Photo: BC Athletics


"Who Am I Outside of Volleyball?"

Her famous father left her an athletic legacy, but Jewel Strawberry discovered her passion off the court.

It’s no surprise that Jewel Strawberry ’22 just graduated as the captain of the BC women’s volleyball team. After all, she is the daughter of the legendary baseball slugger Darryl Strawberry, and her mother, Charisse Fuller, and each of her four siblings played Division 1 sports. But Strawberry is hardly defined by her athletic prowess. In 2020, she became the inaugural president of Eagles for Equality, a new diversity, equity, and inclusion committee for student athletes.

Strawberry excelled on the volleyball court as an outside hitter during her freshman and sophomore seasons, but hurt her shoulder in fall 2019. She underwent surgery but her shoulder never fully recovered, and she finished out her career as a defensive specialist. “When I was hurt,” she said, “I started thinking, who am I outside of volleyball?” The question helped inspire Strawberry, who was on the board of the Student Athlete Advisory Committee, to take the position with Eagles for Equality. The group has organized unity walks and created a service that allows student athletes to anonymously report discrimination via text message.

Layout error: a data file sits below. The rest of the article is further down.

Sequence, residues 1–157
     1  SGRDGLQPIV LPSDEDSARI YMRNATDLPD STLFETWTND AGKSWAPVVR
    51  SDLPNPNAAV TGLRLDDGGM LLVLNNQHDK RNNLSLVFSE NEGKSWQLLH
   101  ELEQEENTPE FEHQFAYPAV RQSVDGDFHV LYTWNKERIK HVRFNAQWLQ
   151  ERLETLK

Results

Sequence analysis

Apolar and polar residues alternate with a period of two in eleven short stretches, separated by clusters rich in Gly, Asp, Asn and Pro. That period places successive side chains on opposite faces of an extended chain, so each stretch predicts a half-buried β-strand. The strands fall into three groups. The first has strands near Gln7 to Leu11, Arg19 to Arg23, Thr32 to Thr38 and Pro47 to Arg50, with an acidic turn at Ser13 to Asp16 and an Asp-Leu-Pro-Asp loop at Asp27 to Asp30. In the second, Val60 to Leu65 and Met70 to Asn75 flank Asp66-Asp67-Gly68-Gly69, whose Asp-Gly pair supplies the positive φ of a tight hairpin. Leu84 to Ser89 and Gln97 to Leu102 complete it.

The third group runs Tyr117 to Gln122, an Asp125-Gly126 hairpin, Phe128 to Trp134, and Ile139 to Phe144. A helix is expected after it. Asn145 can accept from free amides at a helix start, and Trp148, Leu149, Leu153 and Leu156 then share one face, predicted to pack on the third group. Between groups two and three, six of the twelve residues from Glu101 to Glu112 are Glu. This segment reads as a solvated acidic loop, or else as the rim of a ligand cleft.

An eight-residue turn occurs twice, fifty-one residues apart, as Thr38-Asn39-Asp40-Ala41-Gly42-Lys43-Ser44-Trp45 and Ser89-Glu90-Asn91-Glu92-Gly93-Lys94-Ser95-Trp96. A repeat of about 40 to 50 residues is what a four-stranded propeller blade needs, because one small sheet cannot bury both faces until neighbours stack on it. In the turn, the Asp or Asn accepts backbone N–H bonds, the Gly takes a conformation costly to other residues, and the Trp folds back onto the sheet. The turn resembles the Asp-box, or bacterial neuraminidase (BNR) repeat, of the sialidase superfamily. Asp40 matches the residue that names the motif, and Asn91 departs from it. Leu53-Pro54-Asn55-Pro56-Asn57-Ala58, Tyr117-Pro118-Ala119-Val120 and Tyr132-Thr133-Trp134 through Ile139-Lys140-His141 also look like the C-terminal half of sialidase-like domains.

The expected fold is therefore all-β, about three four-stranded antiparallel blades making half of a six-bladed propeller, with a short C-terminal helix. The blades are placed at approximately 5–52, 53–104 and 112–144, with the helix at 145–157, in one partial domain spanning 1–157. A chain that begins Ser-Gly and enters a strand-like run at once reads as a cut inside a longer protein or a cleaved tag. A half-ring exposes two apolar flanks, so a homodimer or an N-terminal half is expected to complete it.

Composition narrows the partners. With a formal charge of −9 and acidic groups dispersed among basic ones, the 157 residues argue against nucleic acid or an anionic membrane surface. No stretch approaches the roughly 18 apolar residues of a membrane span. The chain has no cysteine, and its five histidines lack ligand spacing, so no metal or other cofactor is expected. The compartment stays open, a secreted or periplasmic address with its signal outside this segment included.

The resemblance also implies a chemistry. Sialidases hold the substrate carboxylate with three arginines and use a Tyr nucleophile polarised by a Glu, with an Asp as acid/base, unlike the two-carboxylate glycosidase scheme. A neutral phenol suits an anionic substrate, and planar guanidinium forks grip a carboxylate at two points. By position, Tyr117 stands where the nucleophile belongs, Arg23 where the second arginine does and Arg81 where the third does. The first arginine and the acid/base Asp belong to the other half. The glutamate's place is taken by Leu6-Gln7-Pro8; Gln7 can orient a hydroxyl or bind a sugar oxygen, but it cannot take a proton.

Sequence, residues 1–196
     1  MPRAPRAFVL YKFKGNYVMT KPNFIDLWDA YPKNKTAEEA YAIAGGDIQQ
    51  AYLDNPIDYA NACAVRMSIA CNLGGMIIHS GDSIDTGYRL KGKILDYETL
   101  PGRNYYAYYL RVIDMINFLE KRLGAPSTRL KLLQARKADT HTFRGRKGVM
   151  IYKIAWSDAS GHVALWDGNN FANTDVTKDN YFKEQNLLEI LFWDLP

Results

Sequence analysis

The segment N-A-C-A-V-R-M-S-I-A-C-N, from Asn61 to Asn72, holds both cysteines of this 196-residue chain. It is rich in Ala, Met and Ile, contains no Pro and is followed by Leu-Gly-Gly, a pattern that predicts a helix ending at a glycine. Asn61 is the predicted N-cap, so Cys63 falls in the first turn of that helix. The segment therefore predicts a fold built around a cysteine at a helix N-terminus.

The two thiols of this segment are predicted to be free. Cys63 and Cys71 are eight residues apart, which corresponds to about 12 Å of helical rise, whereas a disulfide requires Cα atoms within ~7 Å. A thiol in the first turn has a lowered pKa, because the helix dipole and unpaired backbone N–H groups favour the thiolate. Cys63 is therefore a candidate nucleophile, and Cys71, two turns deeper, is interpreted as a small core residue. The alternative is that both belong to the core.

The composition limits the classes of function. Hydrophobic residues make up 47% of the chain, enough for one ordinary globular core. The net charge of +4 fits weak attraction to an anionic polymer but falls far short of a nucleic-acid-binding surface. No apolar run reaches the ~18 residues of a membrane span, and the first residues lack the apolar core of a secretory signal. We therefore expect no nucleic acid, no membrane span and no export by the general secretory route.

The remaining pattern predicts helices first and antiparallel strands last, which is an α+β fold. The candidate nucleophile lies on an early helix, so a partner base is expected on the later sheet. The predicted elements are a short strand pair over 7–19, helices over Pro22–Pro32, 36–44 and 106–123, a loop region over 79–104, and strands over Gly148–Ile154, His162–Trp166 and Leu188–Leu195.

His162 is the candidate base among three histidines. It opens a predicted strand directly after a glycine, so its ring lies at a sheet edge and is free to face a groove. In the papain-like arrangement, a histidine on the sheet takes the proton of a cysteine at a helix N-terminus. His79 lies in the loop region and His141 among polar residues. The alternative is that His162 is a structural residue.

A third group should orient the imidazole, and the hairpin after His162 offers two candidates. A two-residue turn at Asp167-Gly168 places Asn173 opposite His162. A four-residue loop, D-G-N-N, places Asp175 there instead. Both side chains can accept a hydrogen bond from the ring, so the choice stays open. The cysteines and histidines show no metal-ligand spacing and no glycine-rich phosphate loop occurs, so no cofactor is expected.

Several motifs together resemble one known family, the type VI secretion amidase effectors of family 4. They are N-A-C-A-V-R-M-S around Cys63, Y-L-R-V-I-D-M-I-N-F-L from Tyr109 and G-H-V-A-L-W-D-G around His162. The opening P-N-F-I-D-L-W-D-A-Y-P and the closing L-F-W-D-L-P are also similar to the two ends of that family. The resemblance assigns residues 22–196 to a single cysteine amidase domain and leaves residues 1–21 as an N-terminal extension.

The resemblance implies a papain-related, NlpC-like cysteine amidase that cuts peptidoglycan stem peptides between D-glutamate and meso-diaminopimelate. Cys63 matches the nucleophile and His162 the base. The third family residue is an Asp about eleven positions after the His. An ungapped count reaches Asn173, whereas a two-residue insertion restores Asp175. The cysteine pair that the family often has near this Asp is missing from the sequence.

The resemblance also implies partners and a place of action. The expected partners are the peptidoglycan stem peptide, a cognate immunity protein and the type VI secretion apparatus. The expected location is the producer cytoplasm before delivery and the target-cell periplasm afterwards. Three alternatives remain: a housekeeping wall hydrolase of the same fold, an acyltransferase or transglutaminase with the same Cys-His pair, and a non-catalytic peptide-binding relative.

Last summer, Strawberry interned with the renowned civil rights attorney Benjamin Crump, who has represented the families of Trayvon Martin and George Floyd, among many others. She has signed on to work for Teach for America, in Atlanta, through 2024. After that, she plans to go to law school, and hopes to one day work to reform the juvenile justice system. “If I can be a voice for the voiceless or just for people who feel they can’t speak up,” Strawberry said, “then I’m going to be that person.”

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